What's weaker for me are the rather glossed-over politics of the action. While the prospect of more roads appears exciting, it seems that some of the characters might realize that taxes to pay for them must come from somewhere, and that the economics might have long and short term effects. Hanson's prophecy that "some day a man will be taxed on what he earns" is a good touch. Its nice to see Mr. Thordsen have another fairly big role in this episode, showing continuity with "The Richest Man in Walnut Grove", but he's certainly much crabbier here.



    Maybe one of the better things here is that Yuli must leave Walnut Grove and there is a good reason for it, satisying fans who wonder why so many characters on "Little House on the Prairie" seem to vanish without any obvious reason. This episode also pins a date on the series, but at the same time introduces some puzzling historical questions such as how the episode "The Talking Machine" could have occurred earlier, given that Edison did not preview the phonograph until quite some time later than the summer of 1876.moreless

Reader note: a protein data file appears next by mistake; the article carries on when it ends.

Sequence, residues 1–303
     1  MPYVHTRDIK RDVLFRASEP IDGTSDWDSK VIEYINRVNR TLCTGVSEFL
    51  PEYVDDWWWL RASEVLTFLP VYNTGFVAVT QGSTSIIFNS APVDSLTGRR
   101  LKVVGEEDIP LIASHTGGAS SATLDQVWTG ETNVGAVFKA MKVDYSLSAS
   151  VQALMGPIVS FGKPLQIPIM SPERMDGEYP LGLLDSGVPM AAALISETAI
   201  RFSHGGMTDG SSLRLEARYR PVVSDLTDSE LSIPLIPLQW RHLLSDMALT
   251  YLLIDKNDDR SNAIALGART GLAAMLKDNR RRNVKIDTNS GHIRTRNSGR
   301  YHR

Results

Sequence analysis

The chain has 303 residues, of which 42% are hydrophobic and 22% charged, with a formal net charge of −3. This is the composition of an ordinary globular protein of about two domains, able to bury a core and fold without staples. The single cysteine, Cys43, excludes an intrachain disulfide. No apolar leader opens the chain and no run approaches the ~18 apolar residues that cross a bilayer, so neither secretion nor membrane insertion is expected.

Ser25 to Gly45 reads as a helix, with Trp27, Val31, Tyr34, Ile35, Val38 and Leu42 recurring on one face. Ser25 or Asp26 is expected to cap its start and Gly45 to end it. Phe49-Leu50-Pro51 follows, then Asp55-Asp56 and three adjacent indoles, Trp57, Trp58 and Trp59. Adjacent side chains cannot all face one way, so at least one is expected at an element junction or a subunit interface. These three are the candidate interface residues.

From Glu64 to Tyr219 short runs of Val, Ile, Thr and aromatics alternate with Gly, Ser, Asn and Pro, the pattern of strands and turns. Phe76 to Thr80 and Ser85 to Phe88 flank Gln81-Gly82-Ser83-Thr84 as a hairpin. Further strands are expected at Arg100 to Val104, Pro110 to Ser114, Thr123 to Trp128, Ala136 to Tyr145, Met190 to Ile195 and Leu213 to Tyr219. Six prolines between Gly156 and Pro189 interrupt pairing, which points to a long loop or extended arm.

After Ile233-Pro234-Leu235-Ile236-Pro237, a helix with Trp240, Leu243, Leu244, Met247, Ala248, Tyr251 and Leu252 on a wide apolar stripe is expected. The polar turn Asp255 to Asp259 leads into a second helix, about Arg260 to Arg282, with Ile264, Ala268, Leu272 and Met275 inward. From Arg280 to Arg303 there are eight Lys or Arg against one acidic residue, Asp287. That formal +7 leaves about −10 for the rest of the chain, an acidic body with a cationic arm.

Melissa Gilbert

Melissa Gilbert

Laura Elizabeth Ingalls/Wilder

Dabbs Greer

Dabbs Greer

Reverend Alden

Melissa Sue Anderson

Melissa Sue Anderson

Mary Amelia Ingalls/Kendall (1974 - 1981)

Richard Bull

Richard Bull

Nels Oleson

Karl Swenson

Karl Swenson

Mr. Lars Hanson (1974 - 1978)

Charlotte Stewart

Charlotte Stewart

Miss Eva Beadle/Mrs. Simms (1974 - 1978)

Theodore Bikel

Theodore Bikel

Yuli Pyatakov

Guest Star

Kelly Thordsen

Kelly Thordsen

Baker Makay

Guest Star

Ike Eisenmann

Ike Eisenmann

Viktor Pyatakov

Guest Star

Victor French

Victor French

Mr. Isaiah Edwards (guest star prior to season 2)

Recurring Role

Radames Pera

Radames Pera

John Sanderson Edwards

Recurring Role

Bonnie Bartlett

Bonnie Bartlett

Grace Edwards

Recurring Role

Trivia, Notes, Quotes and Allusions

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  • TRIVIA (5)

    • Mary was concerned about how many stars to put on the flag, even considering that Colorado was about to become a state, but she put on the wrong number of stripes.